Preparing, prioritizing, and acting on tasks in your to-do list should be a daily routine. Whether to accomplish personal or company objectives, it is crucial to choose and complete tasks efficiently and consistently seek to improve output. Below we listed valuable tips on how to organize your task and to-do lists properly.
In general, tasks that get placed on a list often come from more than one source. This is because people tend to consolidate tasks on a single, master to-do list. Before prioritizing, however, it’s important to jot down everything that needs to be done.
Whether it is written out on a notepad or in an excel sheet, visualizing the entire list of what needs to be done will make things easier. Doing this will provide you with a “birds-eye view” of everything that needs to be accomplished.
Once all pending tasks are laid out, it’s time to prioritize them from “most important” to “least important.” This is usually an intuitive process consisting of considering which tasks are more urgent in combination with which can be done more quickly.
In fact, taking a dualistic approach by first organizing them from “urgent” and “important” tasks, and then within each category by quickest to longest, we get a better bird’s-eye-view of the entirety of what needs to be done. Tasks can then be stacked by combining high priority more complex tasks with essential but easy-to-complete tasks. This way one can strike a few tasks off the list right away, providing a boost of motivation and immediate sense of accomplishment.
One way to assess these methods of organization is with Stephen R Covey’s matrix (below):
Tasks that are categorized in Quadrant 1 as Urgent and Important should be tackled first. This is then followed by important, but not urgent tasks. Lastly, the not urgent and not important tasks should come last.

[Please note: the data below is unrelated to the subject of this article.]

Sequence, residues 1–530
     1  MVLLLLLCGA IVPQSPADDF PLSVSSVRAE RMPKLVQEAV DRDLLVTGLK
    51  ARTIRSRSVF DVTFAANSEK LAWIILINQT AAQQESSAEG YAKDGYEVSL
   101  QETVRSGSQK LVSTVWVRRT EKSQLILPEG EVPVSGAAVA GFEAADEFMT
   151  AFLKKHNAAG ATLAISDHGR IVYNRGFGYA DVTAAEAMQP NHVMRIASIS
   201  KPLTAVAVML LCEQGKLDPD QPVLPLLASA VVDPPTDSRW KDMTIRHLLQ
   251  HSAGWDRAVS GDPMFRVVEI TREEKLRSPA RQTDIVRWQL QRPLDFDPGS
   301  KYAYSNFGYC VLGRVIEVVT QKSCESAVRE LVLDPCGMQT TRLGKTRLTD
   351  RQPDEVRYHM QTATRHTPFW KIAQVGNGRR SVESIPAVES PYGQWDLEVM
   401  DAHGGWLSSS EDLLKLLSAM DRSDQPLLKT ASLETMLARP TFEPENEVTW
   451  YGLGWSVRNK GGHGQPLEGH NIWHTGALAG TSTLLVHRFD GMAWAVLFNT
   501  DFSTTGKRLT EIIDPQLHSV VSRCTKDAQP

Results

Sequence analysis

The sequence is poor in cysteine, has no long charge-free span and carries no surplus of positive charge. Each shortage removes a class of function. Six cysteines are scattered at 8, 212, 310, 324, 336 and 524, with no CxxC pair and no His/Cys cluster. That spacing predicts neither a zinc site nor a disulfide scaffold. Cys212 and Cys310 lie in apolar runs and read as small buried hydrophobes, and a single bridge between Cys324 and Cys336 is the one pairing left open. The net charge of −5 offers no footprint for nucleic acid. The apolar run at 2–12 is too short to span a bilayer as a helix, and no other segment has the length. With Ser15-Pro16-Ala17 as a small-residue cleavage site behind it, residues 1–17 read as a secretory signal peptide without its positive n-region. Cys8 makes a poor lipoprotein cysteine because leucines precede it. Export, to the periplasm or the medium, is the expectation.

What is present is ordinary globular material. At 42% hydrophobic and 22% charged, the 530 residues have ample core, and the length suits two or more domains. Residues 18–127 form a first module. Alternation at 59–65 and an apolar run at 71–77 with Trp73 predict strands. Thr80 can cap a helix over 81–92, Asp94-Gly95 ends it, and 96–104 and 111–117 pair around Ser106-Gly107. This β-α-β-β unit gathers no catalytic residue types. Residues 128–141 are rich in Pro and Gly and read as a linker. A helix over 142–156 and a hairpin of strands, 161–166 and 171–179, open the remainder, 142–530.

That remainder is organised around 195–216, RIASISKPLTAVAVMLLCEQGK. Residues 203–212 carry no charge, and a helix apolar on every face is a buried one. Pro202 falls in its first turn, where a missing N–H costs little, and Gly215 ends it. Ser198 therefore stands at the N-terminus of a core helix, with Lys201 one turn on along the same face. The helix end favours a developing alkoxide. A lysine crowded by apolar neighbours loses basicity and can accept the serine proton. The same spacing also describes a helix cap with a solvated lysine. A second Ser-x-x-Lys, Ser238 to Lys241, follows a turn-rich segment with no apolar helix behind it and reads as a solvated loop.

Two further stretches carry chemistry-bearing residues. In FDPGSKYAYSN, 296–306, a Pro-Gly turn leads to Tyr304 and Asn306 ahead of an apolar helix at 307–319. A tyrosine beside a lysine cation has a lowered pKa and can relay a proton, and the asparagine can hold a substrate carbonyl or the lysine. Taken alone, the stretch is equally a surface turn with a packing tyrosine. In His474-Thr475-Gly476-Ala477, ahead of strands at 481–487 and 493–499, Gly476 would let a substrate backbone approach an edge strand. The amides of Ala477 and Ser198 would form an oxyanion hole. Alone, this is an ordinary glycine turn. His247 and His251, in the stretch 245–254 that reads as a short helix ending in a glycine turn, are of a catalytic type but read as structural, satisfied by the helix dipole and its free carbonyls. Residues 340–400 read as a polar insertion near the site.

To conclude the prioritization process, it’s a good habit to set aside 10 minutes at the beginning and end of the day to prepare, update, and revise these lists. This will promote better organizational skills and, ultimately, instill a positive new time management habit (if you don’t already do this).
Once prioritizing and organizing is complete, it is time to take action There are several strategies in going about this process. One such strategy is the “four options,” which are a common action plan to accomplish your daily to-dos:
- Do: Work on the task now
- Defer: Complete it later
- Delegate: Assign it to another
- Delete: Remove the task altogether
As mentioned in the earlier section, it’s important to create a strategy to handle both the easy and challenging tasks. If you can do something quickly, do it first. If it’s not as urgent, it’s acceptable to defer the task until a later date. However, this is not an excuse to put it off because the task seems too daunting or time-consuming.
Priorities should always come first, no matter how complex the task. By handling these tasks early on, you can save the bulk of your time for the more time-consuming tasks. Similarly, if a task can be delegated to a more suited colleague in the team, that will help save valuable time. By fomenting this mutual support among team members, the speed and efficiency will benefit.
Lastly, it’s important to recognize and delete unnecessary tasks. Often people think something should be on their task list but it actually provides little value compared to the effort involved in completing it. These can be backlogged until a moment when time is abundant or simply written off altogether.
All in all, taking the time to put together a list of pending tasks and ranking them by importance improves workflow for workers and companies. Ultimately, this should be a common practice and daily routine.
Consolidating the tasks early can also reduce stress and help workers avoid the feeling of being overloaded. By following these tips, it’s possible to achieve a healthy and effective work regiment that will always be organized by what needs to be done first.
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